In Los Angeles, police have arrested a notorious gang member who was near the top of the city's new "Most Wanted" list.
But Kody Scott isn't like other fugitives on the list. He's a best-selling author whose life story is about to be turned into a movie.
The 43-year-old Scott, born in South Central L.A., later took the name Sanyika Shakur after converting to Islam. But he was known to police and fellow members of the Eight-Tray Crips gang as "Monster." On a Black Entertainment Television talk show a few years ago, he explained how he got the nickname when he was just 13 years old.
"The name came from a beating that I had given a guy," Scott said. "We had robbed him, and the dude hit me in the face. Then we chased him and beat him, and stomped him and disfigured him. And the pigs, police, were saying that whoever had did this to this cat was a monster. And the look on the people's faces when I came back to the hood that night — it was just power. And I felt it. And I just took that name."
Scott says the beating left the man in a coma. He wrote about it later, when he was in prison, in a candid autobiography that became a best seller. He also wrote about converting to Islam and moving away from gang life. A film version of the book is reportedly in the works by the director of the movie Training Day.
None of those developments impress Los Angeles Police Chief William Bratton.
"I didn't like his book and I didn't like him, so I was kinda happy to see we got him again and put him behind bars again," Bratton said.
Scott was already a fugitive for parole violations when Bratton listed him on the city's new most wanted list of gang members. This week, after an anonymous tip, police arrested Scott for allegedly breaking into a man's home in December and beating him in order to steal his car.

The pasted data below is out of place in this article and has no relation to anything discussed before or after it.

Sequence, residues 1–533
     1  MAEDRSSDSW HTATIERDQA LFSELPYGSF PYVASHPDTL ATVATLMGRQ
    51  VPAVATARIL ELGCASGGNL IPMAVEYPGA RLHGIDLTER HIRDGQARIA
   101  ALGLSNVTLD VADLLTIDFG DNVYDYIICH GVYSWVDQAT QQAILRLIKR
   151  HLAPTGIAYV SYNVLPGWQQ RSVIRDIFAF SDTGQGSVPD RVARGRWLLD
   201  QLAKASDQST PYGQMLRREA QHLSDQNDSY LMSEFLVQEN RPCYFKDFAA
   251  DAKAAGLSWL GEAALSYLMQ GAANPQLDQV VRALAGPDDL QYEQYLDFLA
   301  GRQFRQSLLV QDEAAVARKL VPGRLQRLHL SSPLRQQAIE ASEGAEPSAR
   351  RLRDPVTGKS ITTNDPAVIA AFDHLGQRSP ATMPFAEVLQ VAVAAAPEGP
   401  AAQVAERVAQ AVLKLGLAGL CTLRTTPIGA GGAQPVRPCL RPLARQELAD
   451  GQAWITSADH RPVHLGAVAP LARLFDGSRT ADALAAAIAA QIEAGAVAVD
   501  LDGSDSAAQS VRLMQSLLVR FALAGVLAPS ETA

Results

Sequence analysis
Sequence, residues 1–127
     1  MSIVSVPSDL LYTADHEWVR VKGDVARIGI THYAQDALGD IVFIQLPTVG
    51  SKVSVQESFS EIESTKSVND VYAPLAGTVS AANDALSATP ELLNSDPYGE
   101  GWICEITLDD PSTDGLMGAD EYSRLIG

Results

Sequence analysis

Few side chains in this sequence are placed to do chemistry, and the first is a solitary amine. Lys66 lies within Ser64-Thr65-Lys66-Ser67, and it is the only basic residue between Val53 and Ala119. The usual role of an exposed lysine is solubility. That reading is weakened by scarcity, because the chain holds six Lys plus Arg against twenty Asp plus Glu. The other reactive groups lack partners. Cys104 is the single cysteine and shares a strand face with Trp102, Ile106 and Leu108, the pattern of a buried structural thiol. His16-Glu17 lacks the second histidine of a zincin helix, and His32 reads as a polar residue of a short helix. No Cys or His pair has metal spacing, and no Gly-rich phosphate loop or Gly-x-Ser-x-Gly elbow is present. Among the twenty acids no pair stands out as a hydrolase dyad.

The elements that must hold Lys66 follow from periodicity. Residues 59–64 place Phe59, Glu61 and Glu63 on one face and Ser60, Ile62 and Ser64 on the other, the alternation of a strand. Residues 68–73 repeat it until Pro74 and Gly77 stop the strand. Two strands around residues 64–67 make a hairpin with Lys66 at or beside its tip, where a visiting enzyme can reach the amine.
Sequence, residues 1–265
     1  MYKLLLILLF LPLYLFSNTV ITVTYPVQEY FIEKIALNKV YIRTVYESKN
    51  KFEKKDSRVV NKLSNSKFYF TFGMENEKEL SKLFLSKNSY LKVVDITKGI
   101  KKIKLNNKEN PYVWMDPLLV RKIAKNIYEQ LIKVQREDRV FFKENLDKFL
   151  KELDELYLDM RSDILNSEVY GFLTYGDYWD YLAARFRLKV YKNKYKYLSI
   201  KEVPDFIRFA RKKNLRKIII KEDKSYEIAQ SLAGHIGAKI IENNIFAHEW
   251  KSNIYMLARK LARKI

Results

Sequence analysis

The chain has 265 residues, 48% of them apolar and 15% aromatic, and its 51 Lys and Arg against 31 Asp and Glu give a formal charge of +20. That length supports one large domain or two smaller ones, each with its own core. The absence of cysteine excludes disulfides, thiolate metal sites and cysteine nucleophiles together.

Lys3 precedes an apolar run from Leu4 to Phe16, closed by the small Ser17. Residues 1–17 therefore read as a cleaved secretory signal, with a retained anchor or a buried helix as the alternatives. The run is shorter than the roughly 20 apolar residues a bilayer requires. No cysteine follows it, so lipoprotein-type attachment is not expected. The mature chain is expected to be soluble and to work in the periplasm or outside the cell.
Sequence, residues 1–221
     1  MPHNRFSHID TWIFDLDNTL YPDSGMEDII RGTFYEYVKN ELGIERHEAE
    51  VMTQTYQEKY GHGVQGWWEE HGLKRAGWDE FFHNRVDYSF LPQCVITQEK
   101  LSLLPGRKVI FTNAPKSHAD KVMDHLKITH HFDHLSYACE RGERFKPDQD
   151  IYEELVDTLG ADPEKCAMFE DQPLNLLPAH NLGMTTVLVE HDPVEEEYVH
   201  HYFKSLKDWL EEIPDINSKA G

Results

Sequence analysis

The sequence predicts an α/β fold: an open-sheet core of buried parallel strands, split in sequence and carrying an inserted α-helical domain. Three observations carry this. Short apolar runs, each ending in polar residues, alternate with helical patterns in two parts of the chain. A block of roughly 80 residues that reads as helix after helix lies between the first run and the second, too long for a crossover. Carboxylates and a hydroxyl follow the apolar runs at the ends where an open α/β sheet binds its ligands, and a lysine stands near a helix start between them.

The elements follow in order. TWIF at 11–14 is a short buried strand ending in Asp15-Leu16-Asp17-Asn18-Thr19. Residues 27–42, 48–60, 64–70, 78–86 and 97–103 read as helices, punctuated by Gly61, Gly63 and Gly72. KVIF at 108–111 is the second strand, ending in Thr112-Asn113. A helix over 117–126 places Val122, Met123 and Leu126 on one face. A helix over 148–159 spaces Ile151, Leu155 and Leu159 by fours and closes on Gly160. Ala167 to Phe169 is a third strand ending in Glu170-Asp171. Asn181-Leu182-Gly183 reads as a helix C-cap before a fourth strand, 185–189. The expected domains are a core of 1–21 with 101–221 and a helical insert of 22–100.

Bratton told reporters this could mean a life sentence for Scott.
"If he's turned his life around, then it must have been since December," Bratton said. "It's not about the fact he wrote a book a number of years ago and is a celebrity. I could give a hoot if he's a celebrity, as long as he's not beating the hell out of people, disfiguring them and stealing their cars."
Gang expert Alex Alonso says there are much worse "monsters" out there than Kody Scott.
"It was absolutely ridiculous that they put him on a top ten gang-most-wanted list when we have a whole lot of unsolved murders out there," Alonso said.
Alonso believes Scott's arrest was motivated by politics and public relations.
"We're in a mode right now where we need to at least appear to be hard on crime, hard on gang crime specifically," he said. "And what better way to do it than arrest one of the most famous gang members in Los Angeles right now?"
Scott's book editor, Morgan Entriken, says he spoke to him just last week, and urged him to surrender.
"I did not think he was very involved anymore, but you know, I think it's also very hard to leave your old ways behind," Entriken said. "I just hoped through his writing, he might be able to put that life behind him. He's was a very talented writer. So I'm saddened by what's happened."
Entriken says just last month, Scott turned in the manuscript for a novel set in South Central L.A. The main character was a gang banger trying to get out of the thug life.